The Diplomat has a piece from writer Tonio Andrade, who describes the changes requested by Chinese censors when he tried to publish a book in the PRC:
My new book, Lost Colony: the Untold Story of China’s First Great Victory over the West, won’t be published in mainland China. It might have found a strong readership there. Its main personage, Koxinga, is famous for driving the Dutch from Taiwan and bringing the island under Chinese rule. The story of his triumph is a gripping one, and I strove to tell it in a balanced way: no East versus West, just humans scrambling to do their best during hard times. As a member of the global history movement, this kind of balanced history is what I strive for. It’s the mission of my scholarly life.
But Chinese censors apparently don’t truck with balance. My erstwhile publisher asked whether I would acquiesce to omitting some “sensitive material” and changing some wording. It sounded like an innocuous request until I got to the details. Since Koxinga is considered a “positive figure in China,” my publisher informed me that the text would have to omit any discussion of torture by him and his soldiers. (Descriptions of Dutch atrocities were acceptable, though.) The book couldn’t refer to Koxinga as a “conqueror” or a “warlord,” and his “restoration of Taiwan” couldn’t be referred to as an invasion or an attack. Similarly, any mention of resistance by Taiwan’s aboriginal peoples (who, historical sources make clear, rose up and killed thousands of his soldiers), would also have to be excised, on the grounds that such episodes hint of “some sort of consciousness of Taiwanese independence.” The Chinese publisher said that if I refused to make such changes, the translation wouldn’t proceed. “Abridgement,” I was told, “is unavoidable.”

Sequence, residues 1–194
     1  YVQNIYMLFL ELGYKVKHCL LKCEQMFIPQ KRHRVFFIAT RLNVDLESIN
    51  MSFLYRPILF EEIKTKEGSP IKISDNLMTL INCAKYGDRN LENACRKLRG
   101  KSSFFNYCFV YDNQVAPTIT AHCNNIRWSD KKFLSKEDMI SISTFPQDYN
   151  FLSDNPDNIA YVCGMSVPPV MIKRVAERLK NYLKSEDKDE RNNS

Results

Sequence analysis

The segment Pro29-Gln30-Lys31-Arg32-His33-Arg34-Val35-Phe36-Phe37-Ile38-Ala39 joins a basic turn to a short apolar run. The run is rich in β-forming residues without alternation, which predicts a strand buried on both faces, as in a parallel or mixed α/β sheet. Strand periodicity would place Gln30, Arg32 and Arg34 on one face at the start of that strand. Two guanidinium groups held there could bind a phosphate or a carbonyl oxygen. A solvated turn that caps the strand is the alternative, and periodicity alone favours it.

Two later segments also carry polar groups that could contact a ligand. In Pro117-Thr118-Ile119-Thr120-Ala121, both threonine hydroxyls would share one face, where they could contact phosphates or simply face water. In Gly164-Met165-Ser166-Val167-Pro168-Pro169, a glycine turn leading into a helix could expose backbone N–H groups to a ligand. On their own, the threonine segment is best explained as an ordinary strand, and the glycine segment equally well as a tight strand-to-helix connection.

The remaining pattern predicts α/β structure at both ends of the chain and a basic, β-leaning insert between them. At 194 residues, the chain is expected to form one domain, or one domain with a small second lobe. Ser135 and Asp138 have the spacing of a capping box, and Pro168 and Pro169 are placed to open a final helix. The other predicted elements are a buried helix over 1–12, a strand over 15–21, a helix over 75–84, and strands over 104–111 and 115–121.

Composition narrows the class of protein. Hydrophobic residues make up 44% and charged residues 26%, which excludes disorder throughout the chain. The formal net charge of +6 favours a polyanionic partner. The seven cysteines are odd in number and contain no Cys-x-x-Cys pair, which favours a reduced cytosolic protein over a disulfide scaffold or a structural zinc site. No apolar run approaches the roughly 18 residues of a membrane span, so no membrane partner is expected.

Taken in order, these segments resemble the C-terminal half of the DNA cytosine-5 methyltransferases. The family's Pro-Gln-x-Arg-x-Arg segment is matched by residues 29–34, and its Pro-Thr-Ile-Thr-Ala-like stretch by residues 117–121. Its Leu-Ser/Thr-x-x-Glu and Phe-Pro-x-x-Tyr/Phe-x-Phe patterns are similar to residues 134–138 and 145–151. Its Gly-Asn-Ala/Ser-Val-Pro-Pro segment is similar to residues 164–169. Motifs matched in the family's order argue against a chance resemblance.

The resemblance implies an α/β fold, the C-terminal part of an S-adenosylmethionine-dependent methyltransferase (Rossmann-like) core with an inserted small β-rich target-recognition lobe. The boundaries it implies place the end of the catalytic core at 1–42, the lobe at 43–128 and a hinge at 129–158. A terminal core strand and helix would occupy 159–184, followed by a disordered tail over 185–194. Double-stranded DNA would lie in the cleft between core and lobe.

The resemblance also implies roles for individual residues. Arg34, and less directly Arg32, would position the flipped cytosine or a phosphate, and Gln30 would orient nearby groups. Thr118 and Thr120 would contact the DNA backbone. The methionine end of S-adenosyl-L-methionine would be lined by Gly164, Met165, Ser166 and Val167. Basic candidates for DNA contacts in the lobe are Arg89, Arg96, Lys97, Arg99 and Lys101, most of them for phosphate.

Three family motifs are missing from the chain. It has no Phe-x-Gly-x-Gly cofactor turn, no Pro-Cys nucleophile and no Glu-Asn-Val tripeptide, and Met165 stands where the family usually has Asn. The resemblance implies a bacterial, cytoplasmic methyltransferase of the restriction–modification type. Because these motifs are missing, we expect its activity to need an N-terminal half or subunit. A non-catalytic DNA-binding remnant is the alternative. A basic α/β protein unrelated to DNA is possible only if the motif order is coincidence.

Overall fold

And so I set aside my dreams of renown and royalties and said no.